## Character Strings

In R, character strings are defined by double quotation marks:

```a<-"abc"
b<-"123"```

Numbers can be characters (as in b, above), but characters cannot be numbers.

```as.numeric(a)

[1] NA
Warning message:
NAs introduced by coercion
as.numeric(b)

[1] 123```

One of the initially confusing things about character strings is the distinction between the length of a character object (a vector) and the numbers of characters in the strings comprising that object. An example should make the distinction clear:

`pets<-c("cat","dog","gerbil","terrapin")`

Here, pets is a vector comprising four character strings:

```length(pets)

[1]  4```

and the individual character strings have 3, 3, 6 and 7 characters, respectively:

```nchar(pets)

[1] 3 3 6 7```

When first defined, character strings are not factors:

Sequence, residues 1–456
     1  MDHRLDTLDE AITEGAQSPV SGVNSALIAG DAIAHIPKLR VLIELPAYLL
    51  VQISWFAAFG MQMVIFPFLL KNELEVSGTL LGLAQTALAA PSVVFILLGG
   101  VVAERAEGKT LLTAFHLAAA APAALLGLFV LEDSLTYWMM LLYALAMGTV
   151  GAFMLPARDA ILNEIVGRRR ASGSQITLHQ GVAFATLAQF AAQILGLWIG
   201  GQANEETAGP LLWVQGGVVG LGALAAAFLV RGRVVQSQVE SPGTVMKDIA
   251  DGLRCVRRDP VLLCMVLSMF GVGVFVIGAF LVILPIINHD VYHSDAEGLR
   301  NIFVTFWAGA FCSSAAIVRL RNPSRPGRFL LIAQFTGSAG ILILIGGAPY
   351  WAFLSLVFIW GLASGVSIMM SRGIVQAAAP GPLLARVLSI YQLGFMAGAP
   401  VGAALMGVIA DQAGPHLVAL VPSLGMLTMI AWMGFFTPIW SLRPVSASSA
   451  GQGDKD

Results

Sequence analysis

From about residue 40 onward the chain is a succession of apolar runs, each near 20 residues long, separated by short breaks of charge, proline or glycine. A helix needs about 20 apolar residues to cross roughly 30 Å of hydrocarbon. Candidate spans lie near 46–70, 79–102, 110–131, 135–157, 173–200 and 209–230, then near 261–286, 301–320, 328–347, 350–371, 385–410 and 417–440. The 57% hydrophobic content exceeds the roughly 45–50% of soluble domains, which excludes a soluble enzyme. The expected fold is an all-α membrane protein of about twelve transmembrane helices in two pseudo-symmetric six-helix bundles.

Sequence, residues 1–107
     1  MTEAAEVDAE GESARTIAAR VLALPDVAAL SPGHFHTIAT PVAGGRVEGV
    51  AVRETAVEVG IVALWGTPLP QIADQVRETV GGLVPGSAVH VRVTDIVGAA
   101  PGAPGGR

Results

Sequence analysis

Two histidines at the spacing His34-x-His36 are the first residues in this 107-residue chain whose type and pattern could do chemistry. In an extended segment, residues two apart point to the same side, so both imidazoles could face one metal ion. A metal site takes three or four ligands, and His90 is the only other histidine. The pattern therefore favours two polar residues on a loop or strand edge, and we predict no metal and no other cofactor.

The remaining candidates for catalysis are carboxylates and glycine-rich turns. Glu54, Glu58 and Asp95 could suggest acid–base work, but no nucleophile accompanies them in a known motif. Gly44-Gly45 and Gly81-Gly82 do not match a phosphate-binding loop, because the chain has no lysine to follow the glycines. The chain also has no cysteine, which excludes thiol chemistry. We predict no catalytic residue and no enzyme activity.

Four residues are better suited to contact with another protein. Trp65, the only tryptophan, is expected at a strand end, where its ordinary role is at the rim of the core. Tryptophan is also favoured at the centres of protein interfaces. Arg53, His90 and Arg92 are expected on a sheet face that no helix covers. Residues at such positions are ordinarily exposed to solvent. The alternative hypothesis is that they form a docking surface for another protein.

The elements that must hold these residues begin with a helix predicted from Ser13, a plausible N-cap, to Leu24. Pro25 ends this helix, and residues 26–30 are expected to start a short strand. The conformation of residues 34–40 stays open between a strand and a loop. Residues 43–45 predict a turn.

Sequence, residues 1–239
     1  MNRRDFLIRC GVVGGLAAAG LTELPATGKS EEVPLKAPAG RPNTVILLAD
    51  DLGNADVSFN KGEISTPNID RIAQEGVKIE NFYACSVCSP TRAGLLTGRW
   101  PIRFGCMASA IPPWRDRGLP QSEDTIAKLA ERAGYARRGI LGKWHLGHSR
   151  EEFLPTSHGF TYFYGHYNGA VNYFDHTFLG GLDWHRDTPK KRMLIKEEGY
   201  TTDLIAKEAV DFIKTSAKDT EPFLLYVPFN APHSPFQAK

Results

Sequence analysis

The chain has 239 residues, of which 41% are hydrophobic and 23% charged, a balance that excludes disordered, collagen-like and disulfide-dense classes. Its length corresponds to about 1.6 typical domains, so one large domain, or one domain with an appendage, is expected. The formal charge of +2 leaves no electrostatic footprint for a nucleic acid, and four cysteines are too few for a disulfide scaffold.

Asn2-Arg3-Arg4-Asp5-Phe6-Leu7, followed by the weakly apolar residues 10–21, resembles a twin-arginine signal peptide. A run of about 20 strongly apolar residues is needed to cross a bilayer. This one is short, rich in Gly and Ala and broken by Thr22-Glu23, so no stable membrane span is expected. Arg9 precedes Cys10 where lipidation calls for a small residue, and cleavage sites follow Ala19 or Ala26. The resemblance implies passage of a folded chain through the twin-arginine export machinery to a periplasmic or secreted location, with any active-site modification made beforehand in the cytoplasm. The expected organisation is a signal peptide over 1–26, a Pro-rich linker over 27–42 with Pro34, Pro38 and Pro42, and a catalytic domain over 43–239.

```class(pets)

[1] "character"

is.factor(pets)

[1]  FALSE```

However, if the vector of characters called pets was part of a dataframe, then R would coerce all the character variables to act as factors:

```df<-data.frame(pets)
is.factor(df\$pets)

[1]  TRUE```

There are built-in vectors in R that contain the 26 letters of the alphabet in lower case (letters) and in upper case (LETTERS):

```letters

[1] "a"     "b"  "c"  "d"  "e"  "f"  "g"  "h"  "i"  "j"  "k"  "l"  "m"  "n"  "o"  "p"
[17] "q"  "r"  "s"  "t"  "u"  "v"  "w"  "x"  "y"  "z"

LETTERS

[1] "A"  "B"  "C"  "D"  "E"  "F"  "G"  "H"  "I"  "J"  "K"  "L"  "M"  "N"  "O"  "P"
[17] "Q"  "R"  "S"  "T"  "U"  "V"  "W"  "X"  "Y"  "Z"```

To discover which number in the alphabet the letter n is, you can use the which ...

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